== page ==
glass recyclingGeorge says because the glass is being collected as a single waste stream, businesses are aware of exactly how much glass they are recycling and the benefits that go with it, which is becoming more important for environmental, social, and corporate governance outcomes.

On the BottleCycler portal customers can see their statistics in relation to how many bins have been collected, glass volumes in kilograms, how much carbon dioxide emissions have been stopped, and how many cubic metres of landfill they’ve saved. They can generate reports with their data and upload it directly to their social media accounts.

There are more than 1000 BottleCycler machines in operation throughout Victoria, New South Wales, Queensland and Western Australia in pubs, premium dining restaurants and larger venues including Marvel Stadium, Flemington Racecourse and Star Casinos. 

The machines are also popular with events including the Formula 1 Australian Grand Prix and the Australian Open tennis tournament.

George says anyone who has glass waste would benefit from a BottleCycler.

“Some customers will come to us because they’re putting all their glass in general waste, and they want to do something better from a sustainability and environmental view.

“Other customers say ‘my neighbours are complaining because every time we go out and we empty glass bins at one, two or three in the morning the clunking and clanging of bottles is driving them crazy and causing us issues with our liquor licensing’. They put in a BottleCycler machine to eliminate the need to tip glass at all.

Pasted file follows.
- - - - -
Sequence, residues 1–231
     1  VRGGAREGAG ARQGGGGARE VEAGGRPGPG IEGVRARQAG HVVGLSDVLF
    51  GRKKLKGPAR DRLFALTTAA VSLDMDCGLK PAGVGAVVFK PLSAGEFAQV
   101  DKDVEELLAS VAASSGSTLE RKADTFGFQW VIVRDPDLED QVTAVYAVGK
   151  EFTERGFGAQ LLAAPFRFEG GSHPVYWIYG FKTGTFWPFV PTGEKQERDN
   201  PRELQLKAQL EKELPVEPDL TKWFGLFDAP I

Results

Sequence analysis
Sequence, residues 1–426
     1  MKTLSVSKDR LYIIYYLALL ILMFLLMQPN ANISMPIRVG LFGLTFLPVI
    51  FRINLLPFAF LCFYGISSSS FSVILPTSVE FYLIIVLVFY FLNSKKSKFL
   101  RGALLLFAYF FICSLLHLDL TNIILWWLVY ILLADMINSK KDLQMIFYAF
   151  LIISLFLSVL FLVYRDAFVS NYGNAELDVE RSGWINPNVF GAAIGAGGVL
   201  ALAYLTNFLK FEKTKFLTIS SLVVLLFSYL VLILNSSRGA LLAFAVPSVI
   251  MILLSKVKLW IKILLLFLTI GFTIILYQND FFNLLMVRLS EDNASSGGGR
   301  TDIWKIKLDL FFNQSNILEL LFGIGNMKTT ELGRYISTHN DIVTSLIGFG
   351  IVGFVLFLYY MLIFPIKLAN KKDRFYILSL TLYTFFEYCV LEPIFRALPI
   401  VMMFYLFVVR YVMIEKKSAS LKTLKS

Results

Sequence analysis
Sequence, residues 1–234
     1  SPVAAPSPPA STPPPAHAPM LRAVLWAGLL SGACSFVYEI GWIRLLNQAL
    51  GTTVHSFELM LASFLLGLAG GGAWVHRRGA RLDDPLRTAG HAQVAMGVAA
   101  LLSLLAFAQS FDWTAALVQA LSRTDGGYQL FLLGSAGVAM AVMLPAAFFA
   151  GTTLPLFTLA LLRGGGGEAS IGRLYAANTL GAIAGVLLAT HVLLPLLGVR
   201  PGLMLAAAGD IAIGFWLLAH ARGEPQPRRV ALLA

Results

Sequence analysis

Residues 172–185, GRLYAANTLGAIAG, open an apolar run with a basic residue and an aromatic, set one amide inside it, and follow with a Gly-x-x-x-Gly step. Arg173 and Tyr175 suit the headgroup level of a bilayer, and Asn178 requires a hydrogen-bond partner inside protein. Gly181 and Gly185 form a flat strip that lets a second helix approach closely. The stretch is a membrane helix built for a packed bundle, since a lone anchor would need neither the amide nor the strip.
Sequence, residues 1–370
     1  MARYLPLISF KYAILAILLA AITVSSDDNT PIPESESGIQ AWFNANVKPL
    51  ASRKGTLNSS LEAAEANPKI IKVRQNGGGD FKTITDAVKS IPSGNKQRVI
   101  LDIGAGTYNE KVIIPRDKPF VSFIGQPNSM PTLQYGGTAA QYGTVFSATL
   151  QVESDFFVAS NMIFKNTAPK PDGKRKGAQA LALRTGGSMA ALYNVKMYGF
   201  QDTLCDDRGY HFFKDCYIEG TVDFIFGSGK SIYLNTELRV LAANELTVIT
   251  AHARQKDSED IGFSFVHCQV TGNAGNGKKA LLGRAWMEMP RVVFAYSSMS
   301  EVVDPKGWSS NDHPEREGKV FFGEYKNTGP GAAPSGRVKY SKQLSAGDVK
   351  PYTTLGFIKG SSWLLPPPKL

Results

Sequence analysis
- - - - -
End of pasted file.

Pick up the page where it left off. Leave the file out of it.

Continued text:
“We’ve got other customers who have had a staff member cut themselves on glass, or hurt their back, picking up bins and they need to reduce their OH&S risk. Putting in a BottleCycler is about efficiencies. It keeps staff behind the bar, improving OH&S risks and is better for the environment.”

BottleCycler has vast knowledge of working in Container Deposit Scheme (CDS) markets and facilitating refunds for customers with a BottleCycler machine is all part of the service for customers.

In Queensland, bar code scanners are built into the BottleCycler to identify eligible and ineligible containers as they are crushed. A built-in modem collects and sends data to a server and the customer automatically gets a 10 cent refund for every eligible container. In New South Wales, refunds are based on weight and an Eligible Container Factor. George says BottleCycler is working with the NSW Environment Protection Authority to increase the rebate.

A CDS scheme will be introduced in Victoria in 2023 and BottleCycler is working out how that will work in relation to the bottle crushing machine.

“The biggest benefit of BottleCycler machines in CDS markets is that venues don’t have to separate container types,” George says. “Our machines take everything whether it’s a wine bottle, spirit bottle or stubby. 

“Venues don’t have to pay twice to remove glass from their venue. From an efficiency point of view and ease of business, everything goes through the machine, we take care of the rest.”

The BottleCycler works on a rental model. For a monthly fee the machine is serviced and maintained regularly. If it breaks it will be repaired on site. If it can’t be fixed on site a replacement machine will be brought in. A per bin collection fee is dependent on a venue’s volume and pick-up  schedule.  

For more information, visit: www.bottlecycler.com

BottleCycler is offering an exclusive two-month free trial for anyone who inquires about a machine and mentions Waste Management Review.

Previous ArticleNext Article